Early Detection of Dementia: Recognizing Subtle Signs and Symptoms

Early Detection of Dementia: Recognizing Subtle Signs and Symptoms

Dementia is a set of symptoms and is characterized by decrease in mental abilities like memory loss and decrease in the speed of processing information. It is caused by brain damaging diseases such as Alzheimer’s disease and stroke.

According to the University of Florida, below are some of the early manifestations of dementia.

  1. Changes in memory function: Short term memory is commonly affected in persons with dementia. The inability to remember any information acquired just after a few minutes ago is a good example.
  2. Difficulty in communication: Persons who suffer from dementia have problems in clearly explain their thoughts. They find trouble in choosing the appropriate words to explain their selves. They may also find difficulty in following any type of story or conversation.
  3. Problems in thinking skills: Individuals with dementia find trouble when numbers are on the equation. Also, they find difficulty in organizing and supervising people or activities.
  4. Changes in emotions and moods: Difficulty in expressing and understanding an emotion may be an early manifestation of a progressive dementia. Person suffering from dementia also becomes more sensitive so slight changes in their comfort zone may cause irritability, depression or sudden anger outburst.
  5. Poor decision-making skills: A reduction in the ability to choose from several possibilities is an early sign of dementia. Simple occurrences that usually don’t take much time in making choices like choosing what to eat in a restaurant or what to wear becomes a problem for a person with dementia.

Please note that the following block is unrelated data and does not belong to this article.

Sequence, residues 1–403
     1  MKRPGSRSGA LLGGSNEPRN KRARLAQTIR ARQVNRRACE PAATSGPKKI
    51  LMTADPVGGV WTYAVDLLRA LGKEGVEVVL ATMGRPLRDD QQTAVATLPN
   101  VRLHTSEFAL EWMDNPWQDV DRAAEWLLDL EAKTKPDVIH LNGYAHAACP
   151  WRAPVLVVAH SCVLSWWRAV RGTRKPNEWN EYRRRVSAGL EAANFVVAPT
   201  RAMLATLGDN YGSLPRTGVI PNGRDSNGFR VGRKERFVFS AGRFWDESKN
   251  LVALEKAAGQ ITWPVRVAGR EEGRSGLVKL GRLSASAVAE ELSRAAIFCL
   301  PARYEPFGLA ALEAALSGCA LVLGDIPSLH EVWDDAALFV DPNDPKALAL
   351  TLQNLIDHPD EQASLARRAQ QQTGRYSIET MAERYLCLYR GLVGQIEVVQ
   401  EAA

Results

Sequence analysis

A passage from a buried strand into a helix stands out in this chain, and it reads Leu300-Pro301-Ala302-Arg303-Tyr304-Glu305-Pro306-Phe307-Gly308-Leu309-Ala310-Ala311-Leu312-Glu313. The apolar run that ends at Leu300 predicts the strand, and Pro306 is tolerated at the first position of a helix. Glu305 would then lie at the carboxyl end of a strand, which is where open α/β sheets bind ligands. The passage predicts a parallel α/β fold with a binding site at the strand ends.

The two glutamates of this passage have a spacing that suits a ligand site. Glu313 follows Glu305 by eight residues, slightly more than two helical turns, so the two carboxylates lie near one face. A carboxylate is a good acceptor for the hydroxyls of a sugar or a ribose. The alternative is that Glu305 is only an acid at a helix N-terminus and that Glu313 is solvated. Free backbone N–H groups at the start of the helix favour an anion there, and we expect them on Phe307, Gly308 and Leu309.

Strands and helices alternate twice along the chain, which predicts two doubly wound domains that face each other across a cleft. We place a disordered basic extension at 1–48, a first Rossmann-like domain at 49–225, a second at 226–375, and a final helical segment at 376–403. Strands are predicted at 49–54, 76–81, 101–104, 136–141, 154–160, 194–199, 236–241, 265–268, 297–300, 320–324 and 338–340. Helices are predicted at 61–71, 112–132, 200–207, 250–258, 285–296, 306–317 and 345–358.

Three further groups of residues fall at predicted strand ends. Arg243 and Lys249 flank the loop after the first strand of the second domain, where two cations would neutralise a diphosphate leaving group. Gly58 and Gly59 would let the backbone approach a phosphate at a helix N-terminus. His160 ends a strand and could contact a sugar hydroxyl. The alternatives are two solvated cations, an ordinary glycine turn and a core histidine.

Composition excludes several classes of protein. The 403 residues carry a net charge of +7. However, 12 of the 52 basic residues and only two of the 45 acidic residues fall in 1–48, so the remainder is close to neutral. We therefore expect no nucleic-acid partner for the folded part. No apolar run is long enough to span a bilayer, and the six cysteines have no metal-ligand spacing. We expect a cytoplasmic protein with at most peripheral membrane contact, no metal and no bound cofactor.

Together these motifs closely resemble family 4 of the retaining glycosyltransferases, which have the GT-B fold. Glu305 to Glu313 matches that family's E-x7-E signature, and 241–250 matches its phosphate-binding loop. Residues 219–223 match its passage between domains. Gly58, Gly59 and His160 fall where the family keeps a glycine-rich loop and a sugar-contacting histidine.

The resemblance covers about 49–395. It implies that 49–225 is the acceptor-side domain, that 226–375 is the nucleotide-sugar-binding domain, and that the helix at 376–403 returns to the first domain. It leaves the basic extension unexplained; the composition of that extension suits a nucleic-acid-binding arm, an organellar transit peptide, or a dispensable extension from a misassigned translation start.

6. Changes in judgment: Persons with dementia usually are unable to differentiate good judgments from bad judgments; like acting aggressively and rashly without thinking of the possible consequences.
  7. Challenges in learned movements: Unable to remember simple actions like how to use an object is a sign of dementia. From the start, these may seem a form clumsiness but if it continues and becomes more frequent, schedule an appointment with the doctor.

When dementia has been diagnosed, medical intervention is needed. A promising non-pharmaceutical treatment for dementia is the SAIDO Learning method which was developed by the Kumon Institute of Education in Osaka Japan and Professor Ryuta Kawashima of Tohoku University. In Japan, it has more than 10 years of proven track record of successful intervention by improving symptoms of dementia. In the said country, 18000 patients with dementia are under this program in 1400 care homes. The method involves solving simple arithmetic, reading, and writing. Although these may seem nothing special, scientific evidence showed that by doing these activities on a daily basis stimulated the areas of the brain affected by dementia; thereby improving their cognitive abilities. In the United States, Eliza Jennings is the 1st aging service network to offer SAIDO Learning

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